I thought it was an interesting take on it, and told him so. “I look at it this way,” Buster said. “He’s gotta have a reason for backing this, and I can’t for a second believe that his reasonings are for anything but America’s good. The problem is, as usual, he absolutely STINKS at making things clear. People are screaming that they don’t understand what he’s doing…all he’s doing is being consistant. People used to love him for that. Also, I think he’s showing off who the racists are. Do you realize, that this is ONE MORE THING Bush has done that - really - the left should be approving of? Just like liberating women in Afghanistan, just like closing down the rape rooms in Iraq, this is one more thing the left would approve of if only someone else were president, because it precludes the racist element. But of course, they’ll hate him for it, too.”
She links to Instapundit's, and Gateway Pundit's coverage, too. I have to admit it: the commentaries they link to may convince me to reverse myself on DWP's ownership of port operations. But that's another post.

The trouble for the President is that I may change my mind based on other bloggers' reflections--not the White House's communication. He may have made the right decision. However, his communication of his reasons for that decision has been slim at best. If the President is right on this, then it makes his situation even more tragic. His own resolve, coupled with his lack of clear communication, may undermine a crucial foreign policy that makes us all safer!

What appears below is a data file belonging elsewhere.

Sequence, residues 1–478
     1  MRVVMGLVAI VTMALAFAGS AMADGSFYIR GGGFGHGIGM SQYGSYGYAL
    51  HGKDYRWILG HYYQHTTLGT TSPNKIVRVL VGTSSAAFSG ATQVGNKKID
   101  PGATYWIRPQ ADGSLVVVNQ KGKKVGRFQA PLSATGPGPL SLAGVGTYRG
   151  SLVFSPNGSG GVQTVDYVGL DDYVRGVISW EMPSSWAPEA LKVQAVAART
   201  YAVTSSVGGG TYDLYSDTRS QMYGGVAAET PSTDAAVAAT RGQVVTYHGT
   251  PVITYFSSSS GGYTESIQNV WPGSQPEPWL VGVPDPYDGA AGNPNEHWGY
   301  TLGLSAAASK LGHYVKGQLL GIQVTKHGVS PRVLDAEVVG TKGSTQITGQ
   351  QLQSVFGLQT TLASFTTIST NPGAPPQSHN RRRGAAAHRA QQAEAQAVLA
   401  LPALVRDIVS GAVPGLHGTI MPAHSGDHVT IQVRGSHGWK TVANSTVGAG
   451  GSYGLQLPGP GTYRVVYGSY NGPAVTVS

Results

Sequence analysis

Captain Ed, meanwhile, remains cautiously skeptical:
Without doubt, this is a complicated issue. In order to win the war on terror, we have to engage moderate Muslims and push the rest of the ummah in their direction. That doesn't just mean politically, but economically as well. DP World has a long reach in Southwest Asia, and the government of the UAE has supported the US when that support cost them among their neighbors. Other bloggers have supported the President's contention that we may be passing up a rare opportunity to demonstrate our willingness to work with Muslim countries, and perhaps even gain some opportunities for better intelligence.

However, the operation of our ports opens a risk that the Bush administration has not adequately shown to have covered. While DP World would not handle port security -- tasks that will still fall to DHS and the Coast Guard -- the management of port operations gives DP World and the UAE government access to a lot of information that could be used by terrorists to attack us. Port managers have to know security protocols, procedures, and personnel, all of which could be used by infiltrators to gain access to sensitive areas or to sneak weapons through what safeguards exist. And while the government of the UAE has been supportive of the US, the feeling isn't unanimous; DP World may have trouble keeping its less-enthusiastic citizens from gaining important posts in their organization.
All in all, this situation has become a mess. Unfortunately, it's one of the administration's own making. Again.

Update: Welcome, Anchoress readers! My blog is your blog!